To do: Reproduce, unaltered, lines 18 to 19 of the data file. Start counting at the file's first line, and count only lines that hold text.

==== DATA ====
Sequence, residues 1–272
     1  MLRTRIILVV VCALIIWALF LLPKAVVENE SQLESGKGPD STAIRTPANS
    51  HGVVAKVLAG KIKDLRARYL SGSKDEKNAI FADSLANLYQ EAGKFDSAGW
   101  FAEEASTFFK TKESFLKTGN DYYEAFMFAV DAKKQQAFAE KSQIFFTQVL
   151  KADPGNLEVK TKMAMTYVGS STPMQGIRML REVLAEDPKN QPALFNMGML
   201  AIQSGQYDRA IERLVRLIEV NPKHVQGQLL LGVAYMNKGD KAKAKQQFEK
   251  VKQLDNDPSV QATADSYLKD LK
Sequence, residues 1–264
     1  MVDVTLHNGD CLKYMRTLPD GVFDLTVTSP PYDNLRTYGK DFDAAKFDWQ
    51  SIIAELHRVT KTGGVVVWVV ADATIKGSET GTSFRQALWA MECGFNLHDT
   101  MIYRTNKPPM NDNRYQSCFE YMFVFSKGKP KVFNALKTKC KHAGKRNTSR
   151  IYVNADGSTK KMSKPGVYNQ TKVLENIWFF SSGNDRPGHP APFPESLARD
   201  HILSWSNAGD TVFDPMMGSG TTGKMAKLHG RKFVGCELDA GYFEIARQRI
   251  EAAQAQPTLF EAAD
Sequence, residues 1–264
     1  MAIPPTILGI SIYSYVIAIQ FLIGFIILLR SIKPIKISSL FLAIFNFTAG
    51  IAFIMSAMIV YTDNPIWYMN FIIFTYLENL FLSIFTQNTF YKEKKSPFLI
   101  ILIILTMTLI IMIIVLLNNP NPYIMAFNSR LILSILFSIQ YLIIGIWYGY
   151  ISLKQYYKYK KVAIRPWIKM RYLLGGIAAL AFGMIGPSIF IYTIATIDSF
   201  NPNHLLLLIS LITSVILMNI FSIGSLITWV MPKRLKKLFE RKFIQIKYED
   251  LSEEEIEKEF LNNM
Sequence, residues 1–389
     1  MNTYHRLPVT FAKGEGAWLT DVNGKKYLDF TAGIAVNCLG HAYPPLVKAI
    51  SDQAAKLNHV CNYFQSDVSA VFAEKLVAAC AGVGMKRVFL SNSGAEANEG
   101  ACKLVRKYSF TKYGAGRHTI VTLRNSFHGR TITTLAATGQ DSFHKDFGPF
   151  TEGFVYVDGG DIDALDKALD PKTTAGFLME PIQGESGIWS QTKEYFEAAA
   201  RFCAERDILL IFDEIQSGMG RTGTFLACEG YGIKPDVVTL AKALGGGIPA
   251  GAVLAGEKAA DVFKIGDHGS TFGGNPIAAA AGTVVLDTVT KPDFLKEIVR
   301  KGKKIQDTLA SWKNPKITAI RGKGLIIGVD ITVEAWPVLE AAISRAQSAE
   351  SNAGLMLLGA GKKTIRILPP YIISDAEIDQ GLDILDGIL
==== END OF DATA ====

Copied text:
   101  ILIILTMTLI IMIIVLLNNP NPYIMAFNSR LILSILFSIQ YLIIGIWYGY
   151  ISLKQYYKYK KVAIRPWIKM RYLLGGIAAL AFGMIGPSIF IYTIATIDSF